“We will need collision repairers to stand with us one more time this congressional session to protect a regulatory tool that is structured to help consumers and collision repairers,” said Scott Benavidez, AAM, ASA collision operations committee director from Albuquerque, N.M.
The bill would delay changes to overtime regulations – which would make any exempt employee making less than $47,476 eligible for overtime pay effective Dec. 1st – by six months.
Under a Most Favored Nation clause, an insurer is guaranteed that it will receive prices that are at least as favorable as those provided to other carriers doing business with a collision repair facility.
Filed on Dec. 1st, the final conference report for H.R. 22 includes a number of provisions that will lead to safety improvements in both light passenger vehicles and heavy-duty commercial vehicle fleets.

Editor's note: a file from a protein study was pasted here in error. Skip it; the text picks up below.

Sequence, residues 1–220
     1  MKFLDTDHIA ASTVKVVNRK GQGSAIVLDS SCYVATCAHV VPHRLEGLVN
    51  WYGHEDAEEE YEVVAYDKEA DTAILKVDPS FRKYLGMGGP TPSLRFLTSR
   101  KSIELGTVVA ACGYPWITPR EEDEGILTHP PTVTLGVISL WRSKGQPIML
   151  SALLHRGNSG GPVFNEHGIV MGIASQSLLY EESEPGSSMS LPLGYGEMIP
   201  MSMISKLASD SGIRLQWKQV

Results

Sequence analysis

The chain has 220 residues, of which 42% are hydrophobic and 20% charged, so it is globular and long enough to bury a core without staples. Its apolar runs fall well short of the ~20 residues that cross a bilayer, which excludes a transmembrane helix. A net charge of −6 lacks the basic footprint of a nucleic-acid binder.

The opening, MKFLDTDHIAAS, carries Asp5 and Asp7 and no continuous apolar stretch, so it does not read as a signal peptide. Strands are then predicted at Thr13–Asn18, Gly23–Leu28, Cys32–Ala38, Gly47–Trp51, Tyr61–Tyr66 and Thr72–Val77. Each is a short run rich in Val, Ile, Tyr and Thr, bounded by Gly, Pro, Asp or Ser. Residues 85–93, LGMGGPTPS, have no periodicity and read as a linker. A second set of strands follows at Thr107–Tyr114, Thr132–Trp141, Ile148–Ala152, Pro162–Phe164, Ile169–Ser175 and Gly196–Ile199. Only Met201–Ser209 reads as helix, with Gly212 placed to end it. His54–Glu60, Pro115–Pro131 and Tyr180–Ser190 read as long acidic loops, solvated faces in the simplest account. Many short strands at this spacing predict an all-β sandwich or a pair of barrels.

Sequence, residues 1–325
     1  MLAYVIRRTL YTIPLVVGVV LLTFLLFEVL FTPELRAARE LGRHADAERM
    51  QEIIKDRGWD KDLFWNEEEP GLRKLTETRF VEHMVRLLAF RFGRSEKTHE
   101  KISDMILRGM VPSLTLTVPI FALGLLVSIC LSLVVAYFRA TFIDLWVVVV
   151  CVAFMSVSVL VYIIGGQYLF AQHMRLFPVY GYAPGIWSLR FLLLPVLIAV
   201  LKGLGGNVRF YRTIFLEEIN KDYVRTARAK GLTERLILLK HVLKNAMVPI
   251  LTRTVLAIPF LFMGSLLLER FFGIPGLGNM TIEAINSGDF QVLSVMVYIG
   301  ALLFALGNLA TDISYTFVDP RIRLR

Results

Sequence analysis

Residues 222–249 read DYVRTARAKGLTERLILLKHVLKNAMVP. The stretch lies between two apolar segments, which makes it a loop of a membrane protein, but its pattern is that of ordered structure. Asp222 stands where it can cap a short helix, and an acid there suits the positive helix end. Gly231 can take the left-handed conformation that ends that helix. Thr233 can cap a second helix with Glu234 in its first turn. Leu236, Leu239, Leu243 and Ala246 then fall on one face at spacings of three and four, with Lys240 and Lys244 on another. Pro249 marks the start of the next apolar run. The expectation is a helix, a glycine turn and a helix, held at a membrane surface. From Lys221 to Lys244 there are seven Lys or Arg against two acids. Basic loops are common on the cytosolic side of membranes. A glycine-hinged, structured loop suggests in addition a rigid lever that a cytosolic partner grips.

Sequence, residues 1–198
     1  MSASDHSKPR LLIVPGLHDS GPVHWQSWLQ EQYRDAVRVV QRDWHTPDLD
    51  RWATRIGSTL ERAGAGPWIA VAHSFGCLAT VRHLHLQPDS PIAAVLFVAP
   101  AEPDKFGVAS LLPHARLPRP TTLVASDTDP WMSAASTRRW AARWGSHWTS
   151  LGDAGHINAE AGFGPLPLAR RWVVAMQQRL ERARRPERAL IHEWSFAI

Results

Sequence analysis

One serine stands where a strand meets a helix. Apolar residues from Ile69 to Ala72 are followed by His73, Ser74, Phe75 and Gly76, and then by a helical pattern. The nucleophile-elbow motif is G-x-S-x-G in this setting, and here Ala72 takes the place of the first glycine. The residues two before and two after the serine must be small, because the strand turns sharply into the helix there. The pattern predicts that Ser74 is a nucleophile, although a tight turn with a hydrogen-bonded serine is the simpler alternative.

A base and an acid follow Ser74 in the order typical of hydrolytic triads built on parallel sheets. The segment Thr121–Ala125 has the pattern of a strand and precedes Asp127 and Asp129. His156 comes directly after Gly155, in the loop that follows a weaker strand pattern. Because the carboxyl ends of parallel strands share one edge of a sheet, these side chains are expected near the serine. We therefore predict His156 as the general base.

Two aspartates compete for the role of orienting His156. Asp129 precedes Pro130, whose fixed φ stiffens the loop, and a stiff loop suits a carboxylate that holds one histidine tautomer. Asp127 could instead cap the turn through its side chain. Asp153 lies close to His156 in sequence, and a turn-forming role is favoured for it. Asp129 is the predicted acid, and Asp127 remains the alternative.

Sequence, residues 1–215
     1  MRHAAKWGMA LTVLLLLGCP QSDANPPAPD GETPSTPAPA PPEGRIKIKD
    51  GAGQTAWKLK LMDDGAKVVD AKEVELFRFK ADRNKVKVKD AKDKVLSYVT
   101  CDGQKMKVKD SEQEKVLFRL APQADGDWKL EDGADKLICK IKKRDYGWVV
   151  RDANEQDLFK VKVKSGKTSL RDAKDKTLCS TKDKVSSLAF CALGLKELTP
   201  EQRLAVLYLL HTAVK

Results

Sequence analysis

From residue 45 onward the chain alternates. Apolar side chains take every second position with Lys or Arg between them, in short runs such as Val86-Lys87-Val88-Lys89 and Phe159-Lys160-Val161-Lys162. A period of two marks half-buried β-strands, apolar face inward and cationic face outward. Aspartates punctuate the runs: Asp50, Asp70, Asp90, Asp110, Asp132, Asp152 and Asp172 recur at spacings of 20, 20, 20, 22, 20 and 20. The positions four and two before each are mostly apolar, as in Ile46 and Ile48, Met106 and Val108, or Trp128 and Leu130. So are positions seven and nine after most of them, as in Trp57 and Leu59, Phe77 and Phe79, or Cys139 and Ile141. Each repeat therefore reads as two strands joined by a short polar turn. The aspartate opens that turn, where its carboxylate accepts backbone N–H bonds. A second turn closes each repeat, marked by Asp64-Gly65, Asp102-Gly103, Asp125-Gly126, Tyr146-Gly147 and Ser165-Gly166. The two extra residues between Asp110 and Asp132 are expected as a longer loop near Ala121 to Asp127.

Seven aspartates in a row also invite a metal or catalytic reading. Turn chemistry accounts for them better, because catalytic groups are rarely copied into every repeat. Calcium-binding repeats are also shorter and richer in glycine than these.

Supported by the Specialty Equipment Market Association (SEMA), the “Low Volume Motor Vehicle Manufacturers Act of 2015” (H.R. 2675) would allow companies to construct up to 500 replica vehicles (resembling classic cars produced at least 25 years ago) per year subject to federal regulatory oversight.
Bipartisan group asks how the industry plans to address the challenges associated with expanding technologies such as in-vehicle Wi-Fi, infotainment systems and increased smartphone connectivity.
Members encourage Congress to review Most Favored Nation clauses.
Bill sponsors say it will enhance oversight, improve information-sharing and promote safety of American cars.